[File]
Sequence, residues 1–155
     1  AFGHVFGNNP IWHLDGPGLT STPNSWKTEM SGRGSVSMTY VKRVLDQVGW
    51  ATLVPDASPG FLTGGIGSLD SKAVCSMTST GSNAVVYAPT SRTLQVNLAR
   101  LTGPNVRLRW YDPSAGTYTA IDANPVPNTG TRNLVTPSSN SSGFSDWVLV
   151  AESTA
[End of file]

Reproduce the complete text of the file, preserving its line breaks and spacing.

Sequence, residues 1–155
     1  AFGHVFGNNP IWHLDGPGLT STPNSWKTEM SGRGSVSMTY VKRVLDQVGW
    51  ATLVPDASPG FLTGGIGSLD SKAVCSMTST GSNAVVYAPT SRTLQVNLAR
   101  LTGPNVRLRW YDPSAGTYTA IDANPVPNTG TRNLVTPSSN SSGFSDWVLV
   151  AESTA